As for the pests, that was supposed to be the hard part! but that was nothing compared to the issues relating to the dramas of imported produce. Poor soil from wind erosion, chemical overuse, the terrifying everyday spraying of Roundup is behind much of the destruction of beneficial soil microbes. Many island farmers switched from planting heavy feeding crops like corn, and squash, and began growing lettuce and it’s relatives. Why? Quick turn around, high value, but low uptake of nutrients. Stripped farmland can often still grow lettuce. I see lettuce from small organic farms and it’s rich deep colors are a far cry from that grown in poorly managed soil. As a farmer, you are only as good as your soil, but soil takes a big effort that many farmers are no longer willing to make. In Hawaii, the low amount that commercial farmers earn causes them to have to overuse the land, by producing year round. There is no time for cover crops.
I had one agricultural agent explain to me that many farmers in Hawaii are not looking ahead any further than how much can they run through the farm before they die. Sad as it my seem, in Hawaii, you often get the same price for produce, regardless of if you are a land steward, or not. Without any accountability or incentive to care for the land, many just don’t feel that it is necessary since their children don’t want to farm. Add in a statewide marketing strategy that has many farmers convinced that herbicides and pesticides are good for us, and we have a really bad situation on our hands.
But what positives kept me going? I learned that many heirloom vegetables beat the odds against pests and disease here in Hawaii. Many are bursting with potential. Every season, I discover a handful of varieties that are relatively effortless to grow. As noted above, without the soil amendments, you are in trouble, and though it is gently raining as I type, the farm lots in which I grow are still using water borrowed from another region, and we are still in a drought. Just a few days ago, I harvested a squash that was an “old soul,” from South America. It was a new to the farm squash, that made me sigh with relief. In a tough year, it was the first shining face of possibility, for the start of year 3 at the tiny farm. To think that I would get opportunities to speak at national conventions for Baker Creek Seeds still seems impossible, but it is happening. They also invited me to participate in the 2015 squash crop trials in California, as well as write for their magazine, Heirloom Gardener. That is quite a series of opportunities for a new farmer, but I have taken them up on, an appreciated every single chance they give me.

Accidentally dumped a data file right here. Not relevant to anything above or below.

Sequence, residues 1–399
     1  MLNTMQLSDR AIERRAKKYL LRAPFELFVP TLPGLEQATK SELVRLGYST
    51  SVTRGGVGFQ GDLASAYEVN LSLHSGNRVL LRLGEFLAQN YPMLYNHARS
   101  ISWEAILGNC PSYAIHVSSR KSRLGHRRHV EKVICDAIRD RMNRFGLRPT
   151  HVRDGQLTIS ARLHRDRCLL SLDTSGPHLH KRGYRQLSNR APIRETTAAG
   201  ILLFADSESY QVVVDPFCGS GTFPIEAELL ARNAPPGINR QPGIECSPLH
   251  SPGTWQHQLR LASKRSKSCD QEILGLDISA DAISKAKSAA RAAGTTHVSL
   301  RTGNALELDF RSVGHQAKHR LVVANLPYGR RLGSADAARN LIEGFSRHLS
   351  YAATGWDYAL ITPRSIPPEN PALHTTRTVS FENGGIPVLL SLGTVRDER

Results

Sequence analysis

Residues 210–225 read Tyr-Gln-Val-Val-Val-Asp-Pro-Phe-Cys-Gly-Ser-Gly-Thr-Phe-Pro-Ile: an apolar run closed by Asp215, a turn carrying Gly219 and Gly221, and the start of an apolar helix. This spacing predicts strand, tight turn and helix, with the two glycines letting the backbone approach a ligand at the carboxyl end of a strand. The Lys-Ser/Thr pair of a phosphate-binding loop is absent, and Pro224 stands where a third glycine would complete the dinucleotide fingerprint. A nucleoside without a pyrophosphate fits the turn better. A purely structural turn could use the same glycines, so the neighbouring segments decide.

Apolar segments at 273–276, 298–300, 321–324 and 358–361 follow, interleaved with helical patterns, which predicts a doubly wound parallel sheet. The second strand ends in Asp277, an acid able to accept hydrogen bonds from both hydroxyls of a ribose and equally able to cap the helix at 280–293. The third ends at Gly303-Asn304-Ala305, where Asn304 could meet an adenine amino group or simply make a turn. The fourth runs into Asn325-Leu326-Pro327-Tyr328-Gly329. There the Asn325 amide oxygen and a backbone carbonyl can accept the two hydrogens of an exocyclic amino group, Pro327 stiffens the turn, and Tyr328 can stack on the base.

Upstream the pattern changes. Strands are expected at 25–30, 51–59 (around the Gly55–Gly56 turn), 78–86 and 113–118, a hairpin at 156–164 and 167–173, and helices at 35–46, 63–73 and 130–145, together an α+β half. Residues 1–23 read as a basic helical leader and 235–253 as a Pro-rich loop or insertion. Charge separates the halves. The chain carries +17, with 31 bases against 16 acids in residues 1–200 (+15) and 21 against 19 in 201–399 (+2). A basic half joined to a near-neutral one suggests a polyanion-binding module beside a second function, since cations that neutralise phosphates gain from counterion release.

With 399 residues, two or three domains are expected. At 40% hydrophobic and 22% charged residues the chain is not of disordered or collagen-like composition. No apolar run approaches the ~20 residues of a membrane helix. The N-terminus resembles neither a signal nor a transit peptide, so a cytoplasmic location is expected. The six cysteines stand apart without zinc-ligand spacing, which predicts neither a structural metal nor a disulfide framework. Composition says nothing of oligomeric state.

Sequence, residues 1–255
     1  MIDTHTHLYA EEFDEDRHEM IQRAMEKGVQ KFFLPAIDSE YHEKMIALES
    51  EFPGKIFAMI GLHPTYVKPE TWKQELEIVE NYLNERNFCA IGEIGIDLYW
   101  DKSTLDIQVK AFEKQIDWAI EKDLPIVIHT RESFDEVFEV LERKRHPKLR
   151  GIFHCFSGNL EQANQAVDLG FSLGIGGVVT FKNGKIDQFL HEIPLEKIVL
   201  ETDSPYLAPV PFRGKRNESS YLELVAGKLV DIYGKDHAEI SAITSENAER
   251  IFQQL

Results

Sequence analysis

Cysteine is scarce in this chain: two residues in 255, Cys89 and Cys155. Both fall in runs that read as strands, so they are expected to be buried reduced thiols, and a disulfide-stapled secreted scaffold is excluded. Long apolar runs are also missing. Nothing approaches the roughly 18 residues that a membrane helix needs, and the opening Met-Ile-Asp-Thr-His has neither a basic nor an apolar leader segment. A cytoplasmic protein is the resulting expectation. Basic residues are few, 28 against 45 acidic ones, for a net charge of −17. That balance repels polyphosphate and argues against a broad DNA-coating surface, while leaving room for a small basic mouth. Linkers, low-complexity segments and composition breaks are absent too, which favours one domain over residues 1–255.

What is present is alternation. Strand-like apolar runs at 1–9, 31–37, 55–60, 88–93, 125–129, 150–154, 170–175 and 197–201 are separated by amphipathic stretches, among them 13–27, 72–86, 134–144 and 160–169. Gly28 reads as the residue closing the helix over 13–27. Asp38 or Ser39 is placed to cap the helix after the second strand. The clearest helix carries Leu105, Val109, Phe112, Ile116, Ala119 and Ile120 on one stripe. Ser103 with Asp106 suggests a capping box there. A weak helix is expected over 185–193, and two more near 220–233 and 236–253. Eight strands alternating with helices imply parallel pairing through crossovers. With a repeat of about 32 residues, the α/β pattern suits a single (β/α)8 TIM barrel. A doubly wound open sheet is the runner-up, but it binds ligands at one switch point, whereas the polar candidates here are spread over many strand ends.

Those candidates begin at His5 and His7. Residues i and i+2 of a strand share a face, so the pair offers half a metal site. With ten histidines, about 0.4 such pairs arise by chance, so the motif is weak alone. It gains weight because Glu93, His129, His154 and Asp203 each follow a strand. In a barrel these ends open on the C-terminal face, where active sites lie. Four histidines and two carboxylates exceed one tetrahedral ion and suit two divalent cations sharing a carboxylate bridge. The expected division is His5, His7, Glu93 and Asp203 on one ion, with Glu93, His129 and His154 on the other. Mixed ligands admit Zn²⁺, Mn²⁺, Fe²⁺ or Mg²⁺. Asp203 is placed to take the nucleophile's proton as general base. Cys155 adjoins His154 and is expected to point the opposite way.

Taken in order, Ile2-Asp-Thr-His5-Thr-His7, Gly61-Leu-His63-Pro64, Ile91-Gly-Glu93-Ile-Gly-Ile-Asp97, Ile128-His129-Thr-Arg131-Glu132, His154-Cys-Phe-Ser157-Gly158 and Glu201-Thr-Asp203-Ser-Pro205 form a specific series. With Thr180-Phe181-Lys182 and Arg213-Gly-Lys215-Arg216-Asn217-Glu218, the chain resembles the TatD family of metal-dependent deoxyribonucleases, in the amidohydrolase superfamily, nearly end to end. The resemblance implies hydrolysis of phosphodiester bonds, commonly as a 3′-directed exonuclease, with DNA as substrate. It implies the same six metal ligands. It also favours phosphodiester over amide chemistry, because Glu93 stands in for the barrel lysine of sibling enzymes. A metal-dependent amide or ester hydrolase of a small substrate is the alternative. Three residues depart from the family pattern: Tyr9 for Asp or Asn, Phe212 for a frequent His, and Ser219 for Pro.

I am not the kind of person who wants to look back and say, “I wish I would have..” I would much rather look back and say, “boy, I really went into it head on.” So with that, I hope these observations encourage you to keep pushing on, even against the odds.